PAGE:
Holy Sonnets: Death, be not proud
Death, be not proud, though some have called thee
Mighty and dreadful, for thou art not so;
For those whom thou think’st thou dost overthrow
Die not, poor Death, nor yet canst thou kill me.
From rest and sleep, which but thy pictures be,
Much pleasure; then from thee much more must flow,
And soonest our best men with thee do go,
Rest of their bones, and soul’s delivery.
Thou art slave to fate, chance, kings, and desperate men,
And dost with poison, war, and sickness dwell,
And poppy or charms can make us sleep as well
And better than thy stroke; why swell’st thou then?
One short sleep past, we wake eternally
And death shall be no more; Death, thou shalt die.
#52WeeksA4A leads me down a road I’d rather not take. But I will. After the passing of my friend and doula, Erica Shea, I picked up Death be not Proud, by John Gunther. I almost reread it for the countless time, but my heart knew what my hands did not… and it forced my fingers to pry open and put the book down. I’ve since packed it away, prepared for it’s place in our new home- carefully placed between my favorite books on the shelf- but not for its reading again. Not yet.
This week is the second book post for the blog challenge, and I knew I would write about it. Sadly, I didn’t read much off my book list due to listing and selling our house, but I will. I promise myself. I have time to make such promises. John Gunther, Jr. did not. Which is what John Gunther writes about in Death be not Proud.
I first read the book a year or so after the passing of my father. I’m sure my mother tried to stop me, but, similar to me now, once I put my mind to something, I tend to avoid hearing “no”. So I read it. Through tears and ache, I read the true story of Johnny. The diagnosis of a brain tumor and subsequent death. How John Gunther watched his son die at the age of 17, 2 weeks after his high school graduation. I read about how Johnny never gave up, still pursued knowledge. I read about the damage cancer causes a family… something I am keenly aware of after the death of my 18 year old cousin and my Dad.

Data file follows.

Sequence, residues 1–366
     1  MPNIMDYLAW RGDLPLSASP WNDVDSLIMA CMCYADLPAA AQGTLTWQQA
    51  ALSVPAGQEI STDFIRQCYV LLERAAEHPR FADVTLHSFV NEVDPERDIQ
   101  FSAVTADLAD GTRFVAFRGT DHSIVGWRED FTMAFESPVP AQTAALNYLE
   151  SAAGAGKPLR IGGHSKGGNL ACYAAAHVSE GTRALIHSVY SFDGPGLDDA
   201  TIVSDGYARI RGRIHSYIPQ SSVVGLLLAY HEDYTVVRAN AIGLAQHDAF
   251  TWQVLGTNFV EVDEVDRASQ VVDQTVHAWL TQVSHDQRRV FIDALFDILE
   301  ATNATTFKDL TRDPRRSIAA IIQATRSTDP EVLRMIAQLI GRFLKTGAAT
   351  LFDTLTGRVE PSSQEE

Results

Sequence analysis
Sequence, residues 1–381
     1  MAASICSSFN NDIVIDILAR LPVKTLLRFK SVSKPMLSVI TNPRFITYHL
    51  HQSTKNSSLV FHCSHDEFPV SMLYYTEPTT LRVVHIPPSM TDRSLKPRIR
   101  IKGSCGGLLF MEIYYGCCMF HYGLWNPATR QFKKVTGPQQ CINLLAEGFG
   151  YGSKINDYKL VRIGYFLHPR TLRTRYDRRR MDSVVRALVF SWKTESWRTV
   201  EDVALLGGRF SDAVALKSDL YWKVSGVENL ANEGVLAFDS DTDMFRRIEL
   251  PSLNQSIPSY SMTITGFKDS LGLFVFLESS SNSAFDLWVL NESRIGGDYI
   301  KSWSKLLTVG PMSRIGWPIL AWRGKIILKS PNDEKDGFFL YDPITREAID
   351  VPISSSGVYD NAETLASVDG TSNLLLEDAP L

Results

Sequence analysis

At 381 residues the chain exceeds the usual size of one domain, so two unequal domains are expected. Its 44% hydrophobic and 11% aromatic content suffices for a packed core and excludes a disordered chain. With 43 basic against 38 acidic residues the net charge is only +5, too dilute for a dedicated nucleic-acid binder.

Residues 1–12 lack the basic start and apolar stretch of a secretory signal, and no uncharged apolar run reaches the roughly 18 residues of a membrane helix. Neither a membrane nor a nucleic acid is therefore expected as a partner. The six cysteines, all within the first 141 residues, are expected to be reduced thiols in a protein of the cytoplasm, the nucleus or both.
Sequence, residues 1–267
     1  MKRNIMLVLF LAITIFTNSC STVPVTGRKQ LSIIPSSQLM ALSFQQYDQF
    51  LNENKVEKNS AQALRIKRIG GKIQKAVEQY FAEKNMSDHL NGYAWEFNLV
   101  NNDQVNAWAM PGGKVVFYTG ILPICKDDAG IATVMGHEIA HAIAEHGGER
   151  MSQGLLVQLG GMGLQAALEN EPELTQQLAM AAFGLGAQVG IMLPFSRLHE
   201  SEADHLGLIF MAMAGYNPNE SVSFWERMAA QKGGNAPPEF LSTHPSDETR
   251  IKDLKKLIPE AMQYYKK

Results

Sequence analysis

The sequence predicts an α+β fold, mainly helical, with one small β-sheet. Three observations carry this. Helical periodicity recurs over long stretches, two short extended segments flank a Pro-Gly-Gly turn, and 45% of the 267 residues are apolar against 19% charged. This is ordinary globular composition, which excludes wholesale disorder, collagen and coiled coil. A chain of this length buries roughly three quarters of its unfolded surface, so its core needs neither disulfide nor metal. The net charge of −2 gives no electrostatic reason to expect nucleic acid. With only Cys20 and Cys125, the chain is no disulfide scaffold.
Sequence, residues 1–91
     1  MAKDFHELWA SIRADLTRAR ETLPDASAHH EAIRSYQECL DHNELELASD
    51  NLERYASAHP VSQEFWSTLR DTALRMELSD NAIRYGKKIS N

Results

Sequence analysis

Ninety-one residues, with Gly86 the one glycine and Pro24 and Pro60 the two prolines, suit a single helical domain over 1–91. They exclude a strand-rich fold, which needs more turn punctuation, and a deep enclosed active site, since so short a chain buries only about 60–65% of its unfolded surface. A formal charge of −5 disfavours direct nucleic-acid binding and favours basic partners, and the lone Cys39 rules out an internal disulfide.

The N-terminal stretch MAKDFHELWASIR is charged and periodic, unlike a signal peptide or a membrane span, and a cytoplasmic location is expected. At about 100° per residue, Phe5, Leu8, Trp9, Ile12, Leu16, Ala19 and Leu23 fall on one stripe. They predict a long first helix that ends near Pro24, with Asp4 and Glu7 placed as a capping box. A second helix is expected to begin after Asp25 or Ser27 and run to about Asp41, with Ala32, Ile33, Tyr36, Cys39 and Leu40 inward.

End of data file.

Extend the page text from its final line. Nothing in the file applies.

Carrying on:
I have read Death be not Proud at least 10 times in my life. I used to read it every year since my father’s passing, but I found it wore me down. Sometimes I pick it up and read a few pages at a time… it reminds me that one diagnosis, one set back, no matter what it is, cannot define us. It cannot overtake us, unless we let it. I’ve used it to help me battle depression, loss, and even to ground me in times when I’ve lost sight of the important things in life.
Something about Death be not Proud is fate for me. John Gunther, Jr. passed in 1947 and the book was published in 1949. Both of those years are significant for me. It also shocked me that John was able to write this book just 2 years after his son’s passing. There is a strength parents have and that only a cathartic process can bring, that we don’t know until we’re in the throes. Death be not Proud should be read by everyone- for the love of family, for the power to overcome, for the knowledge of what we have.
Death had nothing to be proud of in Johnny’s case.
What is one book you think everyone needs to read? Why?
Link your #52WeeksA4A blog challenge below.